Tuesday, March 13, 2012

My favourite clothespin vi: wearing the day as one's own

Jean-Pierre Léaud
Henri Decaë, photo
François Truffaut


              Antoine Doinel boosted a machine
              à écrire from his adoptive father's 
              office, the only one there was, and 
              sped with it, hunched over in strides 
              that burst like goblets on the stony 
              stair to the lunchtime street, his 
              classmate waiting anxiously: to shock 
              a flock of pigeons still exploding from 
              a gutter as he comes to us in flight.

              There is no saying some things.

              Until its final frame, for which the
              shot above is a preparation - like
              David Lean's speck in the desert dis-
              tance for Omar Sharif - the dominant
              signature of this film is that of the
              hurry. Yet beneath this pace a dialectic
              struggle between expulsion and retention,
              effacement and treasuring is continuous
              and elegantly momentous, on the wearing
              and bearing of time. Now, in moments,
              the rhetorical machine will stop, and
              there it will be.

Les Quatre Cents Coups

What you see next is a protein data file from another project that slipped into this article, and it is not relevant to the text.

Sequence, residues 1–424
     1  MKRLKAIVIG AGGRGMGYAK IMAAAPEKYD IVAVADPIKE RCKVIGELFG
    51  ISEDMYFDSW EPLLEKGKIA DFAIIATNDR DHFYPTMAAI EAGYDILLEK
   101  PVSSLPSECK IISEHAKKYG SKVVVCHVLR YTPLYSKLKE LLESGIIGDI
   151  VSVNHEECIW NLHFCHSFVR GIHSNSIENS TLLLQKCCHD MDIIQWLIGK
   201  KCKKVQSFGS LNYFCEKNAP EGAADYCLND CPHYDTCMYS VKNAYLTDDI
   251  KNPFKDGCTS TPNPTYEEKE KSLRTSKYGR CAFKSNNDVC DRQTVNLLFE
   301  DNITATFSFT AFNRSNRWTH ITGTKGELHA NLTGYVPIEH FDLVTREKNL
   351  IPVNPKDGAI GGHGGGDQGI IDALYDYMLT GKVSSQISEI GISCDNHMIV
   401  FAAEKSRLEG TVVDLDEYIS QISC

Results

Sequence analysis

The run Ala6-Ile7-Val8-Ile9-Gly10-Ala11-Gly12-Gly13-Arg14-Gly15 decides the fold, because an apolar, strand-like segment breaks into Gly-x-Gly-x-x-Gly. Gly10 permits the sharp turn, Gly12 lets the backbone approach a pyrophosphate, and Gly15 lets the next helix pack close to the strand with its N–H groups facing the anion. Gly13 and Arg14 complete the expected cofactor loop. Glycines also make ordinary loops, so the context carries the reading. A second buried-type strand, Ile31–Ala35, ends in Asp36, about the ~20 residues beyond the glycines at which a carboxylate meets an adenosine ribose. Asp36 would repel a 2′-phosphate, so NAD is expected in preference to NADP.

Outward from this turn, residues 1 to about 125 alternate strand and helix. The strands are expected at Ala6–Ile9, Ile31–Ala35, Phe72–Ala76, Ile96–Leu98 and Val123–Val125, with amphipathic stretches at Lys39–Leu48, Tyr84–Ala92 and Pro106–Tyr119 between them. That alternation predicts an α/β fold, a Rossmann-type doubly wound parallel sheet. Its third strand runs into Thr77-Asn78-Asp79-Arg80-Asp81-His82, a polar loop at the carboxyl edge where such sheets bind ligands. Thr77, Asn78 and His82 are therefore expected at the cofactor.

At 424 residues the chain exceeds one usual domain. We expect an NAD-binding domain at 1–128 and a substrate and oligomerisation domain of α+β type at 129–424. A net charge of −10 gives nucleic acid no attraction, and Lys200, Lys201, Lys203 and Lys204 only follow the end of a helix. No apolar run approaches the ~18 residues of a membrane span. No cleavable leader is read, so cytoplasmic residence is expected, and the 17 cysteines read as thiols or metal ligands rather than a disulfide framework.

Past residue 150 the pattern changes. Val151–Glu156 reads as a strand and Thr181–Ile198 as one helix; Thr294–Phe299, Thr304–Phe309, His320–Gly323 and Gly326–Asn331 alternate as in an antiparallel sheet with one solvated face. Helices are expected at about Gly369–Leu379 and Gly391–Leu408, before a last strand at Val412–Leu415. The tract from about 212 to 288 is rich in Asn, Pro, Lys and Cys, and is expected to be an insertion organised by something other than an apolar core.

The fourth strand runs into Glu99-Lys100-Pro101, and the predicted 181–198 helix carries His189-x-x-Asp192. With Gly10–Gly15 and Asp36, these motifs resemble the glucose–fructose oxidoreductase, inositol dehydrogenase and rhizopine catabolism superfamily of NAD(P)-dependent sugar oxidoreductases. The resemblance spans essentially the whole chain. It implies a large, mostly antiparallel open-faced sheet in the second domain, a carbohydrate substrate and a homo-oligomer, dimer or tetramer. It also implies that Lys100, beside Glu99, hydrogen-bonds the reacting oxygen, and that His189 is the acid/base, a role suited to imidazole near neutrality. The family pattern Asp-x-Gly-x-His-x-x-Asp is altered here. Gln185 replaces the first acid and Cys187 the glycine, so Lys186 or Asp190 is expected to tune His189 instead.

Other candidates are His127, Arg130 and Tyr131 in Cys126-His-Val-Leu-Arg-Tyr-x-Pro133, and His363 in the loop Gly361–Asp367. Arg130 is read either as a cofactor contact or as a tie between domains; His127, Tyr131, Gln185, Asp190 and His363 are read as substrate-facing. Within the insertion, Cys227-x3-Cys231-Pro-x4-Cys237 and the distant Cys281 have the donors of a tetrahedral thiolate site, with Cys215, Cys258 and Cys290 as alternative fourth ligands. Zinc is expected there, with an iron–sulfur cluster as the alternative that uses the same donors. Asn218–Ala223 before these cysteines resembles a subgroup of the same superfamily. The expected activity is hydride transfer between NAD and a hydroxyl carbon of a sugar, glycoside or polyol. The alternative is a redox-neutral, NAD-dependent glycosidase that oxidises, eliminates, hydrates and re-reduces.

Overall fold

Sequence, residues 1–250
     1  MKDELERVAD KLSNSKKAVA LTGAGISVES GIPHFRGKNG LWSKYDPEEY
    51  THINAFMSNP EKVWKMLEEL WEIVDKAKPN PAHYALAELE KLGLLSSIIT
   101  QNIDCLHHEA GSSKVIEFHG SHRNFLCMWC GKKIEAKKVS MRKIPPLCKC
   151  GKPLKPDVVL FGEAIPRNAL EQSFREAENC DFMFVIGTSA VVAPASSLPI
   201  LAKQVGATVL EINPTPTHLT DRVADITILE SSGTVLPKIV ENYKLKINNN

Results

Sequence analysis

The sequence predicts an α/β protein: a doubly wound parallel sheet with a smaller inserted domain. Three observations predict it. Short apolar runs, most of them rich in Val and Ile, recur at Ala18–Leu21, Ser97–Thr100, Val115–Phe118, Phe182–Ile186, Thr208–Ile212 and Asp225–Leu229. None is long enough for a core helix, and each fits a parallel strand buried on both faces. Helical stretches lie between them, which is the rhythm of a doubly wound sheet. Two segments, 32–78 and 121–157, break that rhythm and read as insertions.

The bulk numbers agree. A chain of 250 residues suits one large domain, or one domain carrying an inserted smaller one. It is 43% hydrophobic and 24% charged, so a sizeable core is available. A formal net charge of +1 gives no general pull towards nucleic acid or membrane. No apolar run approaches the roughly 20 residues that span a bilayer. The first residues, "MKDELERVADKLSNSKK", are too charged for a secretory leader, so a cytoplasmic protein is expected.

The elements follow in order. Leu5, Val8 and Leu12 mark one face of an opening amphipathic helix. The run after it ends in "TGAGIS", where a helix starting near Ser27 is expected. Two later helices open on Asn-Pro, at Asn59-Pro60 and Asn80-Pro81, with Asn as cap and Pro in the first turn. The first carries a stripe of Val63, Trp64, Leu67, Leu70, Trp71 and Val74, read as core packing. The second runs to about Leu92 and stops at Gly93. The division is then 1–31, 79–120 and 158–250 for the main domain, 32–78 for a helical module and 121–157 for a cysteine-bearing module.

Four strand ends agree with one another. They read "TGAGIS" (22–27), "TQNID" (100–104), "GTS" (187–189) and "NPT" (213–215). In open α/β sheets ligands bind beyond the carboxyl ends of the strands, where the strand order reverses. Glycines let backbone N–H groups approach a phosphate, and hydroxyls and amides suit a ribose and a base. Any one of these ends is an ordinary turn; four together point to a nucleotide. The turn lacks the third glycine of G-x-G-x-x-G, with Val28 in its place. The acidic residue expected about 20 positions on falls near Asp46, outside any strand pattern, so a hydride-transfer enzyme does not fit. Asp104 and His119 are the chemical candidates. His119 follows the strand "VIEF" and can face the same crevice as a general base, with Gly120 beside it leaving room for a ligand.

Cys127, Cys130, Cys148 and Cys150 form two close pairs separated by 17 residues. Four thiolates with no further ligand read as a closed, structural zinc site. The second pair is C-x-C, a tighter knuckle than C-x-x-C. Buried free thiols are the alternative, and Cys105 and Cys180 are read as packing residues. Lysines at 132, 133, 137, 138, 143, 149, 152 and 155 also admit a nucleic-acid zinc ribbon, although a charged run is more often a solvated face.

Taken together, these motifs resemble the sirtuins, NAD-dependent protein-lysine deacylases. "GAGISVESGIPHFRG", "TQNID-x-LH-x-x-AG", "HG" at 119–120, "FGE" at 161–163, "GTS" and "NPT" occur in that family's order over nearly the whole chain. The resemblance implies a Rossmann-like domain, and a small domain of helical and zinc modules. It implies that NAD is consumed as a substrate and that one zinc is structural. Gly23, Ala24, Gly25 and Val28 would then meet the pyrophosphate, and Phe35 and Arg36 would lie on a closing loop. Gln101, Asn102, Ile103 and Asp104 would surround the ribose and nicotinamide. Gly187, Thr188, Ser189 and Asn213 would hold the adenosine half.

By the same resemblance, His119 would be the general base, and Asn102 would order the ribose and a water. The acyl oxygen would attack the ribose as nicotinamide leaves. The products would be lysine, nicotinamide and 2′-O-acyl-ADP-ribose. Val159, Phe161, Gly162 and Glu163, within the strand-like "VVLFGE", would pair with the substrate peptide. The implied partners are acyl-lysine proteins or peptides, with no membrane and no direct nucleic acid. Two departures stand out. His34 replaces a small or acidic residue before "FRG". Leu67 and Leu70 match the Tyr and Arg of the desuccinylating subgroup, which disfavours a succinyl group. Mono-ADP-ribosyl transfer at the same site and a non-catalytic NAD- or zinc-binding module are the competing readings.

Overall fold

Les Films du Carrosse©


  1. But the machine will start up again.
    (Nice link.)

  2. In the old Grove Press edition of the original screenplay (noting the recent passing of Grove's very generous publisher), the "theft" scene is beautifully phased in still photographs, which ring out with great clarity in the DVD from USA's "Criterion." I don't believe the extraordinary eruption we see here is the least bit artificial; it feels more explosive, more eloquent than the notorious bomb squad sequence in the recent American movie of some note, "The Hurt Locker." And, to think so much of this was done, hand-held before steadi-cam, and in cinemascope, is to put one in mind of Ginger Rodgers' confession that she didn't really do anything better than Fred Astaire, but that she did it in high heels and backwards.

    In the matter of François Truffaut, it simply feels to me that critical appreciation flows from an original awe, time and again, at the sympathy of the original vision.